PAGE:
Rain patters
light a candle
Cat purrs
light a candle
A child’s party
light a candle
Eat cake
light a candle
Buy groceries
light a candle
Fold laundry
light a candle
Clean the bathroom
light a candle
Pay bills
light a candle
Read books
light a candle
Sing carols
light a candle
Cuddle and tickle
light a candle
Wrap presents
light a candle
Color and draw
light a candle
Bake cookies
light a candle
Cook dinner
light a candle
Wash dishes
light a candle
Bathe the child
light a candle
Rock and cuddle
light a candle
Sing lullabyes
light a candle

light a candle
light a candle
light a candle
light a candle
light a candle
light a candle
light a candle

light a candle

–Kathryn Harper

In memory of those who died at Sandy Hook.

Candles at Bongeunsa Temple

Photo courtesy of VancityAllie and Creative Commons

There Is No Place Too Small

I’m healthy. My daughter thrives. My marriage is happy. The weather is sunny and mild. We’re not in the middle of a mortgage crisis. We can pay our bills. I have a good social network.

So why have I grown tired, sad, and teary over the course of the day? I was prepared to chide myself for ingratitude, but then I remembered. Tomorrow is an anniversary. It’s been three years, but time doesn’t erase the mark completely. I feel fragile right now. (And my daughter has changed –yet again — these past few days; the cues that used to communicate hunger and exhaustion have changed, she’s eating just about every 90 minutes, and I feel off-kilter in my competence.)

I wrote the following poem a couple of years ago regarding the event.

No Place Too Small

It is easy to know how to meld with so much grief.
With joy there is blindness, rose-colored ignorance,
No body to tend, to anchor one to the earth.
When the world remains intact, you move nimbly,
Caressing the surface of things, noticing little.

But grief burrows in.
It needs only the exposed, wounded soul
To dig in as a tick under skin.
Grief bangs around the cellar, shrieking,
behaves unpredictably, hijacking your eyes
When the store clerk asks how you are. Clutching your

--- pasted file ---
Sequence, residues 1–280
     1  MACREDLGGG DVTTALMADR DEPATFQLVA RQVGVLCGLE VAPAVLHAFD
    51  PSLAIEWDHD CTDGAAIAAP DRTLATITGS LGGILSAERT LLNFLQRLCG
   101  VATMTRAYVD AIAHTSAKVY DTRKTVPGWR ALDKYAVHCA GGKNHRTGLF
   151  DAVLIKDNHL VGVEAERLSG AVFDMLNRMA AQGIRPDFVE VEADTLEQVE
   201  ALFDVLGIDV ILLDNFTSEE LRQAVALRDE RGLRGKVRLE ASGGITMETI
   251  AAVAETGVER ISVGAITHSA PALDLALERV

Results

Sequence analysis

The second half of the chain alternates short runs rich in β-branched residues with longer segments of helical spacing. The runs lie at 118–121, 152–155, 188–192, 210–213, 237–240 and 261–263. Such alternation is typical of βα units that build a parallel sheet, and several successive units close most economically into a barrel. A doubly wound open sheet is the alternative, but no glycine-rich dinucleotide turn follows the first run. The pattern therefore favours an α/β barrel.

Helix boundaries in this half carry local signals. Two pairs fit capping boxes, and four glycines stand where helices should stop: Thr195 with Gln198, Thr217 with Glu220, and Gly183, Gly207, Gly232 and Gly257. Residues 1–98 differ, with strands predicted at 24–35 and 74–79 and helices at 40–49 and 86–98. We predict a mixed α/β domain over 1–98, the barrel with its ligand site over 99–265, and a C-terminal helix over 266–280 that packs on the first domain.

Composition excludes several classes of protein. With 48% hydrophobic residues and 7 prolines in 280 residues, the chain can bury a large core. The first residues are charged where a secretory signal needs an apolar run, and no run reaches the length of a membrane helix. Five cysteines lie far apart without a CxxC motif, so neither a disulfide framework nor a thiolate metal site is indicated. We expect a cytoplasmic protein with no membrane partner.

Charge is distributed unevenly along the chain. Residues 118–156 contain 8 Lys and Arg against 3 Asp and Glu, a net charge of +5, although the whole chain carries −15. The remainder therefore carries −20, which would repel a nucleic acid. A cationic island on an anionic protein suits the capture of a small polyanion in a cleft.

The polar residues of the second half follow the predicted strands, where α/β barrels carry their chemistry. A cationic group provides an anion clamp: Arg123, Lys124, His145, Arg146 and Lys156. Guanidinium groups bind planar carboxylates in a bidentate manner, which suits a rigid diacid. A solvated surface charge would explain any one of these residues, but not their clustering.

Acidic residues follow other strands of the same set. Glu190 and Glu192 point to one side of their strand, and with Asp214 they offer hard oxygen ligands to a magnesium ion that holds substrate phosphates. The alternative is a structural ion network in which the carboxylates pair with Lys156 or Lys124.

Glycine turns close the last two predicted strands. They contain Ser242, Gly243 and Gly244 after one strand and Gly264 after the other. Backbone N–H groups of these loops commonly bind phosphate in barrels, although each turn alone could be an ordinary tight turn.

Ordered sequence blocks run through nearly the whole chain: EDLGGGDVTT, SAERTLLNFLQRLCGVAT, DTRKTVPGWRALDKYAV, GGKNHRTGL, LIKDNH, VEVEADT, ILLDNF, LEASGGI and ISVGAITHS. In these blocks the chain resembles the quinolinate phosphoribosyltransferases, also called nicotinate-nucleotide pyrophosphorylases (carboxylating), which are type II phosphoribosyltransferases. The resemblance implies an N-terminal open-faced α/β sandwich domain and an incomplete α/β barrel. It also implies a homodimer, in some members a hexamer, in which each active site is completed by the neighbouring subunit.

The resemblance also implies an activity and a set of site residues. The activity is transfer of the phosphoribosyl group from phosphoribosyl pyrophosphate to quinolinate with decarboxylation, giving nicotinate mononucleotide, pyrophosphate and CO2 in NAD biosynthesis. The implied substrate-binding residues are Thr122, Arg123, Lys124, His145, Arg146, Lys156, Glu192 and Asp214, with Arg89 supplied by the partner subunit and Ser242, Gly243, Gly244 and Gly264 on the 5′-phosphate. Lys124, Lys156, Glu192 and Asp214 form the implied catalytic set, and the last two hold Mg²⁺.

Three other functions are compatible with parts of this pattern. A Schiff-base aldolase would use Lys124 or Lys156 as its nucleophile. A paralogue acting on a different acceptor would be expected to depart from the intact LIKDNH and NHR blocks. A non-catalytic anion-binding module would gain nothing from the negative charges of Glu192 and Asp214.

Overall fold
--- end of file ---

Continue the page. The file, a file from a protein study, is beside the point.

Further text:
throat when you call the dentist’s office for a cleaning.

You walk now among oblivious humans,
an emotional leper
With lesions rotting your heart.
All of existence has its own death,
It too could slip into a tumor-ridden coma
Adorned with catheter tubes,
And gasp last breaths to the sterile beat
Of a monitor, attended by loved ones.

Since there is no place too small
For grief to infiltrate,
You lie down, surrender, pull it
to every cell of your being.
You take orders, as a dog obeys commands
From an owner; you honor and bear it,
And in this way, endure.

–Kathryn Harper

In Memory

A venerable friend died this morning. My brother and sister-in-law (Aunt LP)’s cat, Theo, died at home of renal failure and old age. He was 14. I was the first person they called in 1993 when they adopted him in kittenhood. He was a damn smart cat, their genius kitty; as my brother said, Theo “knew how the outside was connected to the inside (though he’d never been), how to open doors and cabinets, and how to make us smile.” I’m so sad he’s gone. He was a wonderful furry family member. If you have animal companions at home, give them a little extra love today.

theo

This is a photo of an old photo of Theo I snapped when I first moved to Austin in 1994.

Are we really sure the purring is coming from the kitty and not from our very own hearts?

–Emme Woodhull-Bäche, translated

[thanks to Leah for sharing the quotation]